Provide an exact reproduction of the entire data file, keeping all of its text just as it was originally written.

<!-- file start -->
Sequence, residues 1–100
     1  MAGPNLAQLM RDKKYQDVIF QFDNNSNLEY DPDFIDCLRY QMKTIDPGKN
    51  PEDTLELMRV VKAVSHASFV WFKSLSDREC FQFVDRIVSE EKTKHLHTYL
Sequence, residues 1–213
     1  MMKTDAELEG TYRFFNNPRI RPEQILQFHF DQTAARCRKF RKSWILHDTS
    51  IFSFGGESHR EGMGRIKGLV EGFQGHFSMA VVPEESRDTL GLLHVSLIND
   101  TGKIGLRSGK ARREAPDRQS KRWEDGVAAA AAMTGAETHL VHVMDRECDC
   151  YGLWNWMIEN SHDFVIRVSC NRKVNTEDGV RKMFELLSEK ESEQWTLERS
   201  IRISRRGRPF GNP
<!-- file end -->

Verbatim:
Sequence, residues 1–100
     1  MAGPNLAQLM RDKKYQDVIF QFDNNSNLEY DPDFIDCLRY QMKTIDPGKN
    51  PEDTLELMRV VKAVSHASFV WFKSLSDREC FQFVDRIVSE EKTKHLHTYL
Sequence, residues 1–213
     1  MMKTDAELEG TYRFFNNPRI RPEQILQFHF DQTAARCRKF RKSWILHDTS
    51  IFSFGGESHR EGMGRIKGLV EGFQGHFSMA VVPEESRDTL GLLHVSLIND
   101  TGKIGLRSGK ARREAPDRQS KRWEDGVAAA AAMTGAETHL VHVMDRECDC
   151  YGLWNWMIEN SHDFVIRVSC NRKVNTEDGV RKMFELLSEK ESEQWTLERS
   201  IRISRRGRPF GNP